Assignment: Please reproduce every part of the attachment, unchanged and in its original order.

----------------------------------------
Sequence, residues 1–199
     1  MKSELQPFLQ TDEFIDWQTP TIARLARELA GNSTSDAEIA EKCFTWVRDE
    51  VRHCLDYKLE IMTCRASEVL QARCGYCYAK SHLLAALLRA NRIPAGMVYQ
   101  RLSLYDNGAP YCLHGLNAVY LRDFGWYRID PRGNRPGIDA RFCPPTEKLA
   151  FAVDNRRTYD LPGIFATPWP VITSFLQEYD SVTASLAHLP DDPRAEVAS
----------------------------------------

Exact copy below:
Sequence, residues 1–199
     1  MKSELQPFLQ TDEFIDWQTP TIARLARELA GNSTSDAEIA EKCFTWVRDE
    51  VRHCLDYKLE IMTCRASEVL QARCGYCYAK SHLLAALLRA NRIPAGMVYQ
   101  RLSLYDNGAP YCLHGLNAVY LRDFGWYRID PRGNRPGIDA RFCPPTEKLA
   151  FAVDNRRTYD LPGIFATPWP VITSFLQEYD SVTASLAHLP DDPRAEVAS